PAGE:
Kin continued, “As written on this book, fifty years ago there was a battle in this area called the battle of Kawanakajima. This battle was between the Uesugi clan and the Takeda clan. The government originally controlled this place, Shinanokuni, but both the clans wanted this land for resources. During this war, the Uesugi clan carried flags with their family symbol, two birds and large car eyes on the bottom. There were five battles in total in Kawanakajima, but no one won. Even though the battles are over, the uesugi clan still hates the Takeda clan.”
What can that relate to the fact that ghosts like warriors appear before Taro every night?
Both the generals of each clan, Takeda Shingen and Uesugi Kenshin were killed during the battle, but people still talk about their lost spirits are still wondering in this land. The family, tried to find out if they were related to Takeda Shingen, but nothing interesting appeared. The sun began to set but they couldn’t find out any interesting facts.
On the next morning, a scream from Kaede shook the entire house of the Okuda Family. There on the floor, a headless body of Taro faced down was filled with a pool of blood. Next to Taro’s corpse were lettered in the tatami mat carved in with red blood. It said: we finally got you, Shingen but your spirit still remains wandering… and on the bottom, there was the same symbol of two birds and large cat eyes on the bottom. With these hints, Yamato, the grandfather was able to deduce that the lost spirit of Takeda Shingen went into Taro, and the Uesugi clan came to take his head.
The next day, there was the body of Yamato, with no head on the floor. Something was different this time. On the floor, there were the words: we are the ghosts of the Uesugi soldiers. No one shall no our identity, and you may not tell what happened to anyone. Or else…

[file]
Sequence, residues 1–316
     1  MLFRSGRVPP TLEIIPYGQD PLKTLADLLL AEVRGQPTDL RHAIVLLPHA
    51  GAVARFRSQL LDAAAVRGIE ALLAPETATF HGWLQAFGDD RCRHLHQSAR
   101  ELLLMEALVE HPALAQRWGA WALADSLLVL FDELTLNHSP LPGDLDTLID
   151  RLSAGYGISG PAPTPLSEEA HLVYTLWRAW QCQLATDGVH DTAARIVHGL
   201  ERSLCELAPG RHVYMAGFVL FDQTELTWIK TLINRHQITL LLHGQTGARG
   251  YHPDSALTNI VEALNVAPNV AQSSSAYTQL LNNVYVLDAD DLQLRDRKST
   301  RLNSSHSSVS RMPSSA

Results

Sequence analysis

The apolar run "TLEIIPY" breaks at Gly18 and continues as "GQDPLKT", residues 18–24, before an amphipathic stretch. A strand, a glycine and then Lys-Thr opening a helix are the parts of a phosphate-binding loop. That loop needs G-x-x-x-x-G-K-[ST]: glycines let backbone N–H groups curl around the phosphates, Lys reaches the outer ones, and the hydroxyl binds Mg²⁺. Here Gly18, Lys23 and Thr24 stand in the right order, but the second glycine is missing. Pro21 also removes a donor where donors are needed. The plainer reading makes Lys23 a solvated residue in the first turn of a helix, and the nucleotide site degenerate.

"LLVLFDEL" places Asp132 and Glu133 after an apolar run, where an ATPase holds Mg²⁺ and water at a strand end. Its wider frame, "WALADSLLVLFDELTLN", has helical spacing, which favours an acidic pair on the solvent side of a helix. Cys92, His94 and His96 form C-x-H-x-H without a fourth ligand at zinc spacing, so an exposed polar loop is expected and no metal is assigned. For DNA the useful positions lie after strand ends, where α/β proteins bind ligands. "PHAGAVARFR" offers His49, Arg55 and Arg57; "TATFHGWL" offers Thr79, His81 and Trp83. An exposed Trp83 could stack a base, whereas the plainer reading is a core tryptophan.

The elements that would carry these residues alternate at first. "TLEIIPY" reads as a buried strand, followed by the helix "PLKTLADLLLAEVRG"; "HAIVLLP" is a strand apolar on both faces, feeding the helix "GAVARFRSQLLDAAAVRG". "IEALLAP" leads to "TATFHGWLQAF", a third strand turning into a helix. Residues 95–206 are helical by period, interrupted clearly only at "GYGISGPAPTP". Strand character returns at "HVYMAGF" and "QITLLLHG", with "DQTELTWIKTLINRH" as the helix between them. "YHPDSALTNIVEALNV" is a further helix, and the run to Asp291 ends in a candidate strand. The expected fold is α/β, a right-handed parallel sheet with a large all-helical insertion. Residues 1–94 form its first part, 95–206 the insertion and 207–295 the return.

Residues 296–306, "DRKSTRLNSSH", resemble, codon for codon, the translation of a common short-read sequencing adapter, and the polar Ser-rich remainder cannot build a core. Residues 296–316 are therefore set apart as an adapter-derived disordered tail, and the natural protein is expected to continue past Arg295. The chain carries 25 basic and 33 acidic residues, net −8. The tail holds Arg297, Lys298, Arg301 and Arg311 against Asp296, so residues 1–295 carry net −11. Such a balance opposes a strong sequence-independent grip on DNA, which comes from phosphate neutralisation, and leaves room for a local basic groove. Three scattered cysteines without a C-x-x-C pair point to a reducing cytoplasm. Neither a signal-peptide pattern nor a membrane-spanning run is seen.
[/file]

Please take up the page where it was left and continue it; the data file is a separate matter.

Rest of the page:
Overwhelmed with shock, Kin disobeyed the message and told everybody in town about what happened about Taro and Yamato. At midnight when the family was trying to comfort each other from the incidents, the ghost warriors appeared infront of them. They said, “Why did you tell everyone…” and got out an enigmatic sword and other weapons.
The next morning, there were no people in the house of the Okuda family. On the windowsill, there were the heads of each family member starting from Taro, Yamato, Kin, Kaede and Goro. It is believed that the ghosts and spirits of the lost warriors of Uesugi still haunt people in Japan.


Project A- Important personalities to the meiji period
Japanese Empire
The emperor Meiji

Hirobumi Ito

Fukuzawa Yukichi

Saigo Takamori

Project B- the sino japanese war

Graph on Page 261
1.The graph on page 261 shows the institutions and groups that profited from the Meiji Restoration, and groups that were destroyed or eclipsed by the Meiji Restoration. This shows the transition of Japan from being a feudal "closed" country to a modern country. The transition caused many changes in groups and institutions. For example, Chinese learning had influence, but it faded away after the restoration.

2.Graph on Page 261

3.Modern Ships in Japan

Amount of Railway Track

Amount of Gold and Silver Mined

Land Tax

The easiest program to create graphs from statistics was Microsoft Excel because there were many options to change how the graph looks. It is also good because there are many types of graphs available like scatter plots, bar graphs, pie charts and so on to fit the information to present.
Another program that might be better than excel is "Numbers" by apple. Unlike excel, the program can automatically graph statistics. A graphing program should have this feature, and have more graphics for the statistics.